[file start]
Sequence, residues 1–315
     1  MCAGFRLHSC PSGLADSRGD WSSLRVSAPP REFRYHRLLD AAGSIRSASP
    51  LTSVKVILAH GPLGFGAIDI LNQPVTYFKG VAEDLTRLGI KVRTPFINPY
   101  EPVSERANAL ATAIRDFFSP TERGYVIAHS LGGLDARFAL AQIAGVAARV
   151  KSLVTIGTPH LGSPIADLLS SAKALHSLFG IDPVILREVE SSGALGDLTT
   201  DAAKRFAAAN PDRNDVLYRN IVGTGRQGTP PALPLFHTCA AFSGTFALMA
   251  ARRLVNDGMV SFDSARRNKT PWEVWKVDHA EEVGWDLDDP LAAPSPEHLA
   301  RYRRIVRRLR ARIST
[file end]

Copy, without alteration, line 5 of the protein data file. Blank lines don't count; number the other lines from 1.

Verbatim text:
   151  KSLVTIGTPH LGSPIADLLS SAKALHSLFG IDPVILREVE SSGALGDLTT